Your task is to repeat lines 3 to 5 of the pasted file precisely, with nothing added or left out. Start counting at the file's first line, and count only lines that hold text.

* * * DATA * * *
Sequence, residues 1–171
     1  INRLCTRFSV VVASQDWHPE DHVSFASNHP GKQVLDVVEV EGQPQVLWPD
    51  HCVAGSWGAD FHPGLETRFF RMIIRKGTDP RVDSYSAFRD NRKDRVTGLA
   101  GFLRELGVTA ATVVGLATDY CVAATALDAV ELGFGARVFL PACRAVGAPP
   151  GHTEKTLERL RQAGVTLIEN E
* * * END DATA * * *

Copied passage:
    51  HCVAGSWGAD FHPGLETRFF RMIIRKGTDP RVDSYSAFRD NRKDRVTGLA
   101  GFLRELGVTA ATVVGLATDY CVAATALDAV ELGFGARVFL PACRAVGAPP
   151  GHTEKTLERL RQAGVTLIEN E